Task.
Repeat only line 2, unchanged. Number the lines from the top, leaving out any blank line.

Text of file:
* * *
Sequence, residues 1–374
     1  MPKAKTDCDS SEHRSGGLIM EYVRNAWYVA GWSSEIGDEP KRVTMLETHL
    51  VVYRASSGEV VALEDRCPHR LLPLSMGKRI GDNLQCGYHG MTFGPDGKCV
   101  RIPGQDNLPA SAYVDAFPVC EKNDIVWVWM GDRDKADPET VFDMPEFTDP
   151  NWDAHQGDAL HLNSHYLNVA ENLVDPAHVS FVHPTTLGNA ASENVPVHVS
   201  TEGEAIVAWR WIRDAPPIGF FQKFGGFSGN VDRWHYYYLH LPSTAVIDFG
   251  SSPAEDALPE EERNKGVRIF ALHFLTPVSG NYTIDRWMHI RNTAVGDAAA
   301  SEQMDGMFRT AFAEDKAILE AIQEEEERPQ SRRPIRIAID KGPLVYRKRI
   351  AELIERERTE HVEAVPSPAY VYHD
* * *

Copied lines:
     1  MPKAKTDCDS SEHRSGGLIM EYVRNAWYVA GWSSEIGDEP KRVTMLETHL